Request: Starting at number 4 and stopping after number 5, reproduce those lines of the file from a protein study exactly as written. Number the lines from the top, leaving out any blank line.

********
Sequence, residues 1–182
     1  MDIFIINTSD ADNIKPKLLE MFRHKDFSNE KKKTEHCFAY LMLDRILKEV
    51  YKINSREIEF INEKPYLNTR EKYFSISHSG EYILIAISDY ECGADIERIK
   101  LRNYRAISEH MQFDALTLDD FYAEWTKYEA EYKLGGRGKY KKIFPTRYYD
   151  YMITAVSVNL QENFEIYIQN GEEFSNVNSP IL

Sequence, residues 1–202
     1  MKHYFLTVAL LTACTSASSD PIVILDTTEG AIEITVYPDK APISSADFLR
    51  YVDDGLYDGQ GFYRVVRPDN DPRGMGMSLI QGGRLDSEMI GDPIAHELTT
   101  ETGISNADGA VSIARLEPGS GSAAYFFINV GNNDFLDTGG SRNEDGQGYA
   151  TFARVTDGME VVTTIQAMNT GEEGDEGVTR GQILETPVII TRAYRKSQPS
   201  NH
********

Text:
   101  LRNYRAISEH MQFDALTLDD FYAEWTKYEA EYKLGGRGKY KKIFPTRYYD
   151  YMITAVSVNL QENFEIYIQN GEEFSNVNSP IL